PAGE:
Among the cases, one patient is under the continuous monitoring for 9 points of the radiolucent line score, noticed immediate postoperative state, but there was still no interval changes in the radiolucent line scores till 90 postoperative months and the clinical outcomes were excellent (knee score 100, function score 90). So this patient is still followed up very closely. The other patient who underwent 5-mm metal block augmentation without stem extension in her primary TKA revised only the femoral component at 11.5 postoperative years. However, the tibial component showed good stability (Fig. 3) in the revision procedure. After the femoral component revision surgery, the patient continued to show excellent knee/function scores and no radiolucent line around the tibial prosthesis. Therefore, we concluded that, in primary TKA patients, a 5-mm metal block augmentation of tibial bone defects without stem extension can provide stability in 5-year postoperative outcomes.
This study was conducted to answer the question of the necessity of stem extension for metal block augmentation of medial defects on the basis of clinical outcomes after at least 5 years of follow-up. We were able to demonstrate that, in mid-term follow-up of at least 5 years and an average of 9 years, no additional stem extension is required to the 30–40 mm basic length tibial stem plate for the stability with fully cemented tibial component when performing 5-mm metal block augmentation in primary TKA.
However, this study also had several limitations. First, since this study is a case series for patients who underwent 5-mm metal block augmentation without stem extension, it was possible to confirm improvement in clinical and radiological results compared with before surgery. However, it reveals the limitations of not performing non-inferiority test because there is no comparison group with stem extension.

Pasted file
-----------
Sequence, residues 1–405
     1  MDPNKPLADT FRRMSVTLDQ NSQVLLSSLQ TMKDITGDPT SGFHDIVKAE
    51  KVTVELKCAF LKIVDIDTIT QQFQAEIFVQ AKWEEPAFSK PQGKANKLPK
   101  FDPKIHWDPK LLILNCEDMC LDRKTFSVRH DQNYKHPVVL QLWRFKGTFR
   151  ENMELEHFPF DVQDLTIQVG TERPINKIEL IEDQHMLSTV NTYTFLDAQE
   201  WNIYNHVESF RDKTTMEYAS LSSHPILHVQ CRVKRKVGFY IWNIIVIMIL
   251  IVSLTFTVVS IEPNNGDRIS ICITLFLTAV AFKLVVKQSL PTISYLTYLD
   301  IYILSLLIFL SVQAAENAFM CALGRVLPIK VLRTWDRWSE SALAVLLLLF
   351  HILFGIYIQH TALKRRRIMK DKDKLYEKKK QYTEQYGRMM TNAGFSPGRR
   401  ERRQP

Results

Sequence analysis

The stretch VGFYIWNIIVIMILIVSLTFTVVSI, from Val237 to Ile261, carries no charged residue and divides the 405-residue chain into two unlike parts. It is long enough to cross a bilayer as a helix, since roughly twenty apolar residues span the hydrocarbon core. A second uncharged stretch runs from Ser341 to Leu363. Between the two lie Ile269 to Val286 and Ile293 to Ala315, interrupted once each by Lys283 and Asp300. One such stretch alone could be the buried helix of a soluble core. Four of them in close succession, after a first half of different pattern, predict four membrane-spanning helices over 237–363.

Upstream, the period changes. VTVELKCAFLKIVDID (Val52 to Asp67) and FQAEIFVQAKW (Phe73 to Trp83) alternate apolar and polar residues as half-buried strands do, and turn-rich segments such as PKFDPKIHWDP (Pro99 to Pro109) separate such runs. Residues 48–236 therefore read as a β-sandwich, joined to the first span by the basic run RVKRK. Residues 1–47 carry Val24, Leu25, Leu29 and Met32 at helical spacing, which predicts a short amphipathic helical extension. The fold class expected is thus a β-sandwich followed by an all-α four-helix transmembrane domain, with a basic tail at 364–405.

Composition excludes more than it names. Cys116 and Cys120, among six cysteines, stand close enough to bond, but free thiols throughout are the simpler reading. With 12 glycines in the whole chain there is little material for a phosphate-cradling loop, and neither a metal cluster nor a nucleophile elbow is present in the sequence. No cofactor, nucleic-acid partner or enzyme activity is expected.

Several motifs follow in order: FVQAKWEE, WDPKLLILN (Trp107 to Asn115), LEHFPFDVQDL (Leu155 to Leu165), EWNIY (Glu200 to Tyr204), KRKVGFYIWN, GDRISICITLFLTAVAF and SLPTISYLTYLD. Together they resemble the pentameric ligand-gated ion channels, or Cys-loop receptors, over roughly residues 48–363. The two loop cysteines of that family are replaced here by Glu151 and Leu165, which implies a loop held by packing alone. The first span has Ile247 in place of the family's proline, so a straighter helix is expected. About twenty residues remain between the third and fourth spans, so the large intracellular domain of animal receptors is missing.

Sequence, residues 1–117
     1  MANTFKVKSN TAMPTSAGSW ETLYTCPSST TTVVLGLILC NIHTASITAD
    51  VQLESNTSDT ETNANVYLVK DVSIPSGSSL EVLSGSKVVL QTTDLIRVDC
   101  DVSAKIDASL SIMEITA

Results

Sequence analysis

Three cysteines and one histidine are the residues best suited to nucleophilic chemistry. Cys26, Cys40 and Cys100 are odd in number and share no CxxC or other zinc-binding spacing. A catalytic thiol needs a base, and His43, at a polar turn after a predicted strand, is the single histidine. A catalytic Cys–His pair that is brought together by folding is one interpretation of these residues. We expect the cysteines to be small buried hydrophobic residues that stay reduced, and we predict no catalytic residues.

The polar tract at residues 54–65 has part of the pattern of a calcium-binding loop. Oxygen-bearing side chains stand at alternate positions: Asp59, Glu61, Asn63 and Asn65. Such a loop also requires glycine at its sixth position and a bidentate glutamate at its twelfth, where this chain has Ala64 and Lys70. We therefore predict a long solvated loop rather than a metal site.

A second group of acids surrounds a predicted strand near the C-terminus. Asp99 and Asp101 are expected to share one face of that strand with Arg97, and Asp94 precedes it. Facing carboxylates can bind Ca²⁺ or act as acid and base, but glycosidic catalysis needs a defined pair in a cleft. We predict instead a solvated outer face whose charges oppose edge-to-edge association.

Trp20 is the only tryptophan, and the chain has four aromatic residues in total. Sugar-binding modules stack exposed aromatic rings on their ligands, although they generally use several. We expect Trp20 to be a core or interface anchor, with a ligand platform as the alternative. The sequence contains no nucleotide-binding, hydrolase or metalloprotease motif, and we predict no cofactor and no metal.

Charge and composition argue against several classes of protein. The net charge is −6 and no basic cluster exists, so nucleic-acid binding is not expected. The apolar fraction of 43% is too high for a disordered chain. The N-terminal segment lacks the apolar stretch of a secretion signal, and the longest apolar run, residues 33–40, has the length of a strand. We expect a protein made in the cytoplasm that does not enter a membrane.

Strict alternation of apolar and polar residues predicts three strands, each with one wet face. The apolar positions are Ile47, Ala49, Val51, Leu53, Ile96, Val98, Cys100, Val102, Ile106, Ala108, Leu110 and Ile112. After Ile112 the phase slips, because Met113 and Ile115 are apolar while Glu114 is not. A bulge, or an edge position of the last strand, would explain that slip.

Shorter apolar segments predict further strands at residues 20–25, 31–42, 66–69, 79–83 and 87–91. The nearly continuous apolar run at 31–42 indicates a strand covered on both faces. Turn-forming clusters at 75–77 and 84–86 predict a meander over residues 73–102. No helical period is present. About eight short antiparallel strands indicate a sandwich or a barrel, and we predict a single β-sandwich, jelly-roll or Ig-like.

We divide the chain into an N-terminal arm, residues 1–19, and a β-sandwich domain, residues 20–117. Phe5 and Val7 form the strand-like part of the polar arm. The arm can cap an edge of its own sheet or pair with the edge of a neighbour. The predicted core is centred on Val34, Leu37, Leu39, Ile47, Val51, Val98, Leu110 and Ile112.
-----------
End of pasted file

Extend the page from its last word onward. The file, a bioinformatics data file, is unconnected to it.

Second, we only evaluate no additional tibial stem extension cases for the focal proximal tibial defect, which is managed with 5-mm metal block augmentation. So, our results may not be applied to the situation of generalized poor bone quality on the proximal tibia.
Third, there were relatively many patients who could not receive clinical and radiation follow-up measures due to the long data collection period, especially elderly patients who died or had other accompanying diseases. This also has a limitation in that selection bias may appear because there are patients who have been eliminated during long period.
When performing TKA, 5-mm metal block augmentation can be used to deal with uncontained bone defects less than 5-mm depth. If the tibial component with 30–40 mm basic stem was fixed through full cementation, the additional tibial stem extension was not mandatory for the stability of tibial prosthesis and mid-term clinical and radiologic results. Therefore, when performing 5-mm metal block augmentation for a proximal tibial defect, no additional tibial stem extension can be a good surgical option.
Total knee arthroplasty
Knee Society Scoring system
Western Ontario and McMaster Universities
Angle of greatest flexion
Range of motion
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This study had no funding.
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This study was approved by the Institutional Review Board on Human Subjects Research and Ethics Committee of Hanyang University Hospital, Seoul, Korea (ID number 2020-04-026-003).
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Informed consent was obtained from all individual participants included in the study.
The authors declare that they have no conflicts of interest.
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Ryu, J.J., Kim, Y.H. & Choi, C.H. The additional tibial stem extension is not mandatory for the stability of 5 mm metal block augmented tibial prosthesis construct in primary total knee arthroplasty: 5-year minimum follow-up results. Knee Surg & Relat Res 35, 5 (2023). https://doi.org/10.1186/s43019-023-00174-6
- Primary total knee arthroplasty
- Bone defect
- 5-mm metal augmentation
- Stem extension